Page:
2. 😀 Oh my Goodness! That is so depressing! But also strangely comforting. I only can dream that one day my literary greatness will be proudly flaunted for all to see and my pauper’s grave visited by the many weary art lover who will shed a tear and sigh “Oh if only she had been recognised in her time – such a tragedy!” LOL – we can all dream for such greatness. Truth will more than likely be a short and sharp – “Who you talking about? Never heard of her!” :O

    1. Yes – I am a bit of a Job’s comforter with this post I know. I suppose it was the big fanfare over the launch of the Gatsby movie which made me think what a contrast it was to the reception its author got in life. A flipside of this post would be all the authors who were hugely famous in their day – but are now entirely forgotten. History is no respecter of reputations.

  3. I am thinking this could be a much, much longer list. And yes, to imagine the great, life-changing works of genius that have been ignored and lost forever is truly heart-breaking. One reason we ignore them is so that we can endlessly heap more and more money and attention on familiar, formulaic, famous authors. (This sad pattern holds true for all the arts, and most other fields of endeavor.)

    1. It is a shame – and I think it illustrates how the whole business of creating ‘art’ of various forms is so hit and miss – by it’s very nature it’s not an exact science, there’s changing tastes, luck, what connections the author has to help them get noticed – all these things. So it’s not surprising I guess that some things get missed, or are reappraised with the benefit of hindsight.

  4. Lord of the Rings was one that didn’t receive much notoriety until after Tolkien’s death either. I certainly hope that’s not the case for us Chris! I am working my butt off trying to get my book(s) out there! I pray it pays off! You know another group of artists that have had this same fate is the great painters of our time.

  5. Hi Chris. Great blog, as always. Don’t forget poor Flann O’Brien (real name Brian O’Nolan) – possibly the greatest satirist the English language has known. Joyce loved his work, but the world was slow to stir. Another great Irish author lost to the demon drink.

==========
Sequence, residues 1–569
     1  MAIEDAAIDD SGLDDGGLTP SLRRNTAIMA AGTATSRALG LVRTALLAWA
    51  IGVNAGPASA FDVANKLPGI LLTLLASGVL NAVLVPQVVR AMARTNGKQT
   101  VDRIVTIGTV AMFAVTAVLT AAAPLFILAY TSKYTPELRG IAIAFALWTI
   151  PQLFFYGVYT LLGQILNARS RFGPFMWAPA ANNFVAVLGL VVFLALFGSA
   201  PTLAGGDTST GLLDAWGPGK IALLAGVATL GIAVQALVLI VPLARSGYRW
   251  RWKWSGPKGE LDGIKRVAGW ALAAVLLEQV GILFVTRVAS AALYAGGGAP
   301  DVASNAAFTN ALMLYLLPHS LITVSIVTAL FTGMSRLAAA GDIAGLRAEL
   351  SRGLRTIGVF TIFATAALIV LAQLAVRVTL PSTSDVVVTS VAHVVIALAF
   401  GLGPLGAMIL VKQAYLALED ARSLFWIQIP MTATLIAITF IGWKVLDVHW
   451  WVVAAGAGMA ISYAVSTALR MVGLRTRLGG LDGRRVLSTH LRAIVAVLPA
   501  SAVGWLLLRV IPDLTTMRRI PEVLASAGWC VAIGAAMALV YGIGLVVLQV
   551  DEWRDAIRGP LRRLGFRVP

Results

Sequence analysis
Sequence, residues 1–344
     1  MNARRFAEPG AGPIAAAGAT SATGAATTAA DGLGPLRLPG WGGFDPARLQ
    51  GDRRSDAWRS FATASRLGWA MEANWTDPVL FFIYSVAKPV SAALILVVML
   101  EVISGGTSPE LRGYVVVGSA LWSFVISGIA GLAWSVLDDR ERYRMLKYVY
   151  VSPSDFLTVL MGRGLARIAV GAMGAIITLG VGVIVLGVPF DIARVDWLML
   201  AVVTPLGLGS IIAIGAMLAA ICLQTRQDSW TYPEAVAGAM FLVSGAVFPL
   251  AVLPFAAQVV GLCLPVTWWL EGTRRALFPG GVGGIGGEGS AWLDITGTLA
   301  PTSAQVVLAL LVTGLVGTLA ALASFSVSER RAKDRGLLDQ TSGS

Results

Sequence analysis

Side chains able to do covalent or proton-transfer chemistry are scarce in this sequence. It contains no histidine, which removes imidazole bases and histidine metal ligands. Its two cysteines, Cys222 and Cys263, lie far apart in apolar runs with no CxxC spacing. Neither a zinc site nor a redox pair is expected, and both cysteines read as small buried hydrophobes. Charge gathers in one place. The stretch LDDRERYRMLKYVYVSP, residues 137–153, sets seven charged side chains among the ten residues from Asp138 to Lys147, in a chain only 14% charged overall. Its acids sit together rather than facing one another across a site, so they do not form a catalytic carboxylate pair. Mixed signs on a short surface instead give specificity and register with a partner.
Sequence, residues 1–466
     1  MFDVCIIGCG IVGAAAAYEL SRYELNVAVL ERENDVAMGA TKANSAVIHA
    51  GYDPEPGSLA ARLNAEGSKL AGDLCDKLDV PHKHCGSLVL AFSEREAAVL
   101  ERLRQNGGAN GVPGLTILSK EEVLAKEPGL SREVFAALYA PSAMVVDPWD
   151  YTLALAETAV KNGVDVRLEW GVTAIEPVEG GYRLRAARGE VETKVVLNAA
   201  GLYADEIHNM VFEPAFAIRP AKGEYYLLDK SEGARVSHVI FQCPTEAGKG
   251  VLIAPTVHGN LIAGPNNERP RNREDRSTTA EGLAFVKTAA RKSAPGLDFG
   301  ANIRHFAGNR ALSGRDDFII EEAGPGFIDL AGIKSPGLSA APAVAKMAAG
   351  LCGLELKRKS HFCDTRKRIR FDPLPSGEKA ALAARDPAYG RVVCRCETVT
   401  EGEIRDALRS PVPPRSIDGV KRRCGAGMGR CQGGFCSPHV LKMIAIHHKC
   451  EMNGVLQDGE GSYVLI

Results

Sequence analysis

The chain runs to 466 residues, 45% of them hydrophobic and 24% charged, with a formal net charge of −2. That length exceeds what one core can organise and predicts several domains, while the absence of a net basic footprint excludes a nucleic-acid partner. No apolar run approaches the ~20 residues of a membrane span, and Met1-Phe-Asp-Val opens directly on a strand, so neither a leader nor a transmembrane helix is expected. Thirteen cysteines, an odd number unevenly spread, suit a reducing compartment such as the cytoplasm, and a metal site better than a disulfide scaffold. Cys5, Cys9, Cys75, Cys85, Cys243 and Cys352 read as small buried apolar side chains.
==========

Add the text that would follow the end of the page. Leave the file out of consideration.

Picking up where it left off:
6. Literary fashion killed ’em. Once the literati decide that you’re “old fashioned” you’re out–no matter how good your work is. Fitzgerald was a very popular–and very well paid–short story writer in his youth, but he became so closely identified with the Flapper era that he was left high and dry when it was over. “Tender is the Night” is an awesome book, but it did worst than “The Great Gatsby” if I recall correctly. Melville’s first book, “Typee” was a best seller, but wanted to move beyond adventure tales, and nobody “got” what he was doing. (And nobody wanted to hear his indictment of missionaries, either.) Once the headline “HERMAN MELVILLE CRAZY” came out, that was it.

    Here’s a question: would you rather be obscure when you’re alive and popular when you’re dead, or vice versa?

    1. Interesting. I’d go popular when I’m dead probably. I write literary fiction which never makes money anyway so I wouldn’t be missing out and it would be nice to be appreciated even if I wasn’t there to see it. Also it kind of feels like that anyway as my book gets raved about by some people who read it – but hardly anyone reads it. So I’m all up for being a cult.

      1. Well, I’m putting in an order as soon as my pay comes in, so you’ll have one more reader, anyway 🙂

        Honestly? If I’m even offered an advance, I’ll sh@t myself.

      2. Thanks Nanette! One thing about not having loads of readers is that each one is important and special 🙂 Yes, I don’t know what one of those fancy ‘advance’ things is either.